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New legal framework for out-of-court settlement of consumer disputes: consequences for businesses established in Luxembourg
Posted on 3 November 2016 in News > Media, Data, Technologies & IP

On 17 February 2016, the legislator enacted, a new law to promote out-of-court settlement of consumer disputes (the “Law”). The Law applies to disputes arising from sales or service contracts between a trader established in Luxembourg and a consumer residing in the EU (including Luxembourg), and transposes the Directive 2013/11/EU[1] obliging EU Member States to create alternative dispute resolution (“ADR”) entities for consumer disputes.


Online sales and service contracts also fall into the scope of Regulation (EU) No 524/2013[2] establishing a multilingual online dispute resolution (“ODR”) platform for the resolution of consumer disputes relating to online transactions.

The Law creates a new body, the Consumer Ombudsman (in French, “Médiateur de la consommation”), which will (i) serve as a point of information on the ADR procedure for consumer disputes, (ii) receive all consumer ADR complaints, and (iii) handle disputes for which no other entity is competent. This new entity will coexist with existing sectorial ADR entities, competent for specific disputes (e.g. “Commission de surveillance du secteur financier”, “Commissariat aux assurances”, “Institut luxembourgeois de régulation”, etc.), and will be competent only if no other ADR entity is competent.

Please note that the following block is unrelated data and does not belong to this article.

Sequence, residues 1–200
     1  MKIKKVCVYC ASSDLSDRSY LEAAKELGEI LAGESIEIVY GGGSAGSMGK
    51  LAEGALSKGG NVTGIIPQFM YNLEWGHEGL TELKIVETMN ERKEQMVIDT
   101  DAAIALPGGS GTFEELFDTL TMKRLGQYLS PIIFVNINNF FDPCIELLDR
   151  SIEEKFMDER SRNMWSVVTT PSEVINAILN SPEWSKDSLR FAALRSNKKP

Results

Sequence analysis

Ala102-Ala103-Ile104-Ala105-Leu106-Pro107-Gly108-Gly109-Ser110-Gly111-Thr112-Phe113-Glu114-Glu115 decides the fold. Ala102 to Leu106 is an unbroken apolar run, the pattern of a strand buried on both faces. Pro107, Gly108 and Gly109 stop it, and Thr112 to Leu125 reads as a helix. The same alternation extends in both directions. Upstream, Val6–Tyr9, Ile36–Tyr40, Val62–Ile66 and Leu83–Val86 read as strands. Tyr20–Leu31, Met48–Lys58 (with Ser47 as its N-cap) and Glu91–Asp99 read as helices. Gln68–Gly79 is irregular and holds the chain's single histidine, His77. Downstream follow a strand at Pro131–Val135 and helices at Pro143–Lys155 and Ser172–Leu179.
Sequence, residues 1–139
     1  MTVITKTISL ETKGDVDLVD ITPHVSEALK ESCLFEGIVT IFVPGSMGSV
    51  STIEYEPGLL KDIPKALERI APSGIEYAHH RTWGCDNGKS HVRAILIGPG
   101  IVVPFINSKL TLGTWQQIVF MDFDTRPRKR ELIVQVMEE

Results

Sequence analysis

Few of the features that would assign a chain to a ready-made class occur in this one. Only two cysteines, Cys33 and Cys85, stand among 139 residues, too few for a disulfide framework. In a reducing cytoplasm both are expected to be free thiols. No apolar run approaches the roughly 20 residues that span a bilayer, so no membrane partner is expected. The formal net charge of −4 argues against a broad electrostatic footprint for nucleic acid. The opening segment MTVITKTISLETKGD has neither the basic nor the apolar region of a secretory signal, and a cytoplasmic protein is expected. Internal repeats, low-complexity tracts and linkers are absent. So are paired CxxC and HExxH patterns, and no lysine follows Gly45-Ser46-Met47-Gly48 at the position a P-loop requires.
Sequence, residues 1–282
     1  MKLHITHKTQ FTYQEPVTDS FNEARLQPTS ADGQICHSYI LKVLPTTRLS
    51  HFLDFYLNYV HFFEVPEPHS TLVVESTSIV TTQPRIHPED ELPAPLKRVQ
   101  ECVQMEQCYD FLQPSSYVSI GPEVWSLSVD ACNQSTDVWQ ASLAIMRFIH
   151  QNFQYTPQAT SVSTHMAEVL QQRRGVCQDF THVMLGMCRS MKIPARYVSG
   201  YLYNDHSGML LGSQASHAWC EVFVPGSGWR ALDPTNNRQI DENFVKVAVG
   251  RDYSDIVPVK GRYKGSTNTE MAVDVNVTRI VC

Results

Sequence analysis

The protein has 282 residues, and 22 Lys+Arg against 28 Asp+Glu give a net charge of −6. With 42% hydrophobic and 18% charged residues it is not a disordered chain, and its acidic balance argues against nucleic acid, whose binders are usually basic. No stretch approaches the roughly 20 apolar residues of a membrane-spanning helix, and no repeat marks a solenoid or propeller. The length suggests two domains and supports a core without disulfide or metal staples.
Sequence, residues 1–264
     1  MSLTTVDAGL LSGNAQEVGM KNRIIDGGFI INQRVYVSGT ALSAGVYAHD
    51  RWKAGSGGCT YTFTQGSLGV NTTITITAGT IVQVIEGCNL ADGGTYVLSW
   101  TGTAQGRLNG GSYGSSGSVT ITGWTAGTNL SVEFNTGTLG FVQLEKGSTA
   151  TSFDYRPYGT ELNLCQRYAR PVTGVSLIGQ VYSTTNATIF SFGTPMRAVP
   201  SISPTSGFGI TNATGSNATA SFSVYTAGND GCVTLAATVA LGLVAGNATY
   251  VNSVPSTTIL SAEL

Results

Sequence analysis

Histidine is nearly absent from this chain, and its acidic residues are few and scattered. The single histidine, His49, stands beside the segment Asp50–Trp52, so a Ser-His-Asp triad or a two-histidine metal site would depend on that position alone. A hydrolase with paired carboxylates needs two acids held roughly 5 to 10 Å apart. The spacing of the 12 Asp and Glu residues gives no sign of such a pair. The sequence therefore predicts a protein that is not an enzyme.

The Law does not prescribe a general obligation to use ADR. Consumers and traders will still be able to resolve their disputes in court and the solutions proposed by ADR entities are non-biding.

However, traders who commit to or are obliged, due a sectorial regulation, to use ADR procedure for resolving their dispute with consumers, are required to provide consumers, prior to the conclusion of the contract, in a clear, comprehensible and easily accessible way, on their website and/or in their general terms and conditions, with the following information:

  • the ADR entity/entities by which the traders are covered (including the website address of the relevant ADR entity),
  • the existence of the ODR platform and the possibility of using this platform,
  • an electronic link to the ODR platform.

In all cases, traders established within the UE and engaging in online sales or service contracts, must, via their websites, provide consumers with an electronic link to the ODR platform, together with their e-mail addresses.

Further, where a dispute between a consumer and a trader could not be settled through a complaint submitted directly by the consumer to the trader, the Law requires the trader to provide the consumer with the above information, specifying whether it will make use of the relevant ADR entity/entities to settle the dispute. That information must be provided on paper or on another durable medium.

We would be happy to help you to review your website and general terms and conditions to make sure that they meet the requirements of the new legal framework.

Please contact us for more information.


[1] Directive 2013/11/EU of 21 May 2013 on alternative dispute resolution for consumer disputes and amending Regulation (EC) No 2006/2004 and Directive 2009/22/EC

[2] Regulation (EU) No 524/2013 of 21 May 2013 on online dispute resolution for consumer disputes and amending Regulation (EC) No 2006/2004 and Directive 2009/22/EC


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